BioCycle April 2007, Vol. 48, No. 4, p. 47
S&H Landscape & Recycling in Oregon manages a full plate of waste streams, generating products ranging from mulch and compost to boiler fuel and road aggregate.
S&H Landscape & Recycling’s route to becoming one of Oregon’s leading landscape material providers was, like that of many other similar companies, a roundabout one. In the late 1970s, with more than a decade committed to serving the logging market, the firm saw the writing on the wall in terms of both worsening economic conditions and changing environmental perceptions. Anticipating a downturn in logging activity, company founder Duane Stroupe made a lateral move, first to becoming a large-scale provider of firewood, and later, along with son Casey, to material processing and composting. Today, logging is just a distant (though fond) memory and the Stroupe’s company has become one of the Portland area’s primary recyclers of wood waste, green waste and concrete.
Established in Tualatin, Oregon in 1968 as S&H Logging, the company played a role in some of logging’s glory years. By late 1979, however, demand for Oregon’s lumber and other wood products collapsed. Soaring oil prices and federal economic policies resulted in high interest rates, a deep recession, and a downturn in the commercial construction and housing markets. Environmental challenges made a dismal situation worse. By 1981, timber harvests had fallen to 5.7 billion board feet from a peak of 9.7 billion board feet in 1972. According to company president Duane Stroupe, a need to find an alternative market for their services was painfully apparent.
“Luckily for us, at the same time we were logging, we had also started a service providing firewood to our customers,” he says. “That seemed like a natural extension of our business and it worked out real well as we were transitioning away from logging. Before too long, we were probably cutting 6,000 cords of wood for area customers a year.” As is often the case, however, creating one product resulted in generation of another waste product and the Stroupes were suddenly confronted with a growing volume of bark and wood chunk residue. The solution to that problem was to start an operation committed to grinding and composting green waste and wood waste material.
MULTIPLE LOCATIONS, SERVICES
S&H Landscape & Recycling has several different locations in and around the Portland area, each committed to a common goal of providing high quality landscape-related products or services. The focus of the operation is relatively balanced, with half of the output being composted material and the other half general landscaping materials.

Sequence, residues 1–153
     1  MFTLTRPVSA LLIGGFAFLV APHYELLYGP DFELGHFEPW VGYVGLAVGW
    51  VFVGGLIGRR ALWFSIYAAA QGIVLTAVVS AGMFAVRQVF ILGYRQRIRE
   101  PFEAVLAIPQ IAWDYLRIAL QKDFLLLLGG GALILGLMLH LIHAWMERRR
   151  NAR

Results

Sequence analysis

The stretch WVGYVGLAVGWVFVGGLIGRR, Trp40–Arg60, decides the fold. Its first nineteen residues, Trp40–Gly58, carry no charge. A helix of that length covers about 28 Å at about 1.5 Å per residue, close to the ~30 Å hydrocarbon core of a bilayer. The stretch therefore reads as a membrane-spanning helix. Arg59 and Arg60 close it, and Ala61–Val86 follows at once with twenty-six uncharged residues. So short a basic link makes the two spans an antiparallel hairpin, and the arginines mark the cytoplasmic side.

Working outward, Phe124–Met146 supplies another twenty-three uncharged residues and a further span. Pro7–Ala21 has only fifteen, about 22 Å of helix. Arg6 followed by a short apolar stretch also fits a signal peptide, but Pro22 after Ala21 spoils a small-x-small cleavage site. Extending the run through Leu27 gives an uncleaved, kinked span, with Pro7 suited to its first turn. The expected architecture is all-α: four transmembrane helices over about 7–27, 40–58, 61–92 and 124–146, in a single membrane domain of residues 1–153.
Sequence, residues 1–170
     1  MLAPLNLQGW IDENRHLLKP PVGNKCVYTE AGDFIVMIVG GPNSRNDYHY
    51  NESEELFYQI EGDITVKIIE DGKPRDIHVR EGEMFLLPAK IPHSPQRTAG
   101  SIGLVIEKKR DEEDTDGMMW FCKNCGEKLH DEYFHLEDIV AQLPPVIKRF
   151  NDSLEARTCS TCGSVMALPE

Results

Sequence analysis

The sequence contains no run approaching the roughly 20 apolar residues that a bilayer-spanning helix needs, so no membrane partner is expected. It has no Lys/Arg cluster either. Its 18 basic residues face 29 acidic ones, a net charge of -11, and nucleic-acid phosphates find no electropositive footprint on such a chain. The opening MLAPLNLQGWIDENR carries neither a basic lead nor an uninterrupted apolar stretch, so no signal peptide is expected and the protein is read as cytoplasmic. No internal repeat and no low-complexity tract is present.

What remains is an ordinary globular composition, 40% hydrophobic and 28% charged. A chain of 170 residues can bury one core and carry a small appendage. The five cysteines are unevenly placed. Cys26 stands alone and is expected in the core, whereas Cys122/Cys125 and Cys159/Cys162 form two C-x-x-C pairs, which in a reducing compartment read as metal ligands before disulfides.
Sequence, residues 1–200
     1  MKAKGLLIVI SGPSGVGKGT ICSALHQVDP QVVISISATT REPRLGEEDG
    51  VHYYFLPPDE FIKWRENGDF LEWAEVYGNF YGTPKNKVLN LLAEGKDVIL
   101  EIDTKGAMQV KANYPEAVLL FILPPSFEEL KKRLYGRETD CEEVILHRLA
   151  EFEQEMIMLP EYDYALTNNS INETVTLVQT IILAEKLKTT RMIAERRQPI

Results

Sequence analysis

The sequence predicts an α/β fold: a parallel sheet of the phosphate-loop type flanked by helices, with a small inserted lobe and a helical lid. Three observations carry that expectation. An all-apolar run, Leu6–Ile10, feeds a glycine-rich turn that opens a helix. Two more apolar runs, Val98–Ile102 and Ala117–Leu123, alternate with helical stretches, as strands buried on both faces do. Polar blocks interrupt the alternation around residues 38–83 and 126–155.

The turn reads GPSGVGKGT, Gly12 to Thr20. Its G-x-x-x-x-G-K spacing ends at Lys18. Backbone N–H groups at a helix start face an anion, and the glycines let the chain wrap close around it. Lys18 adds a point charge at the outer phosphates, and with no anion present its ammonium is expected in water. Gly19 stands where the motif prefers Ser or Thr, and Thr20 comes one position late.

Individuals and commercial firms (the company presently has no contracts with area municipalities) can bring self-hauled items to S&H locations as well. The company charges $10/cy for grass, sod, leaves, weeds, brush and stumps. It also accepts clean lumber and chips for fuel wood recycling, charging $7/cy.
In addition, the company also grinds material for use as hog fuel for area paper plants and recycles limited volumes of concrete and asphalt on a regular basis. “We have 40 employees working in four separate locations,” says Casey Stroupe, company vice-president. “We are proud of the fact that we are able to offer one of the area’s best selections of materials, including blended soil, bark, shavings, and compost products, as well as decorative landscape rock and pavers.”
Stroupe is hardly exaggerating his claim about choices available to area customers. The company creates better than a dozen products in its bark and mulch category alone, including Fresh Fir Bark in a medium and fine grade; fine grade Dark Fir Bark; Medium Dark and Medium Fresh Hemlock; bark nuggets in sizes ranging from 3/8-inch to 3- to 5-inches; Cedar Chips; Fir Shavings, Sawdust and material it ships for hog fuel. Delivery options are also available including straightforward truck delivery or direct application using the firm’s Express Blower truck.
The grinding facet of S&H’s operation is handled by a pair of 1000 hp Peterson Pacific Model 6710B track-mounted horizontal grinders. Generally speaking, material is single-ground to a 3- to 5-inch minus size then either used as a mulch product, chip or nugget in landscaping applications. All green waste is single ground, then sent off for composting. Recognizing the growth in popularity of colored mulch in and around the Portland area, S&H is looking into a number of colorizing systems with plans to add colored products to its mix sometime in the not-too-distant future.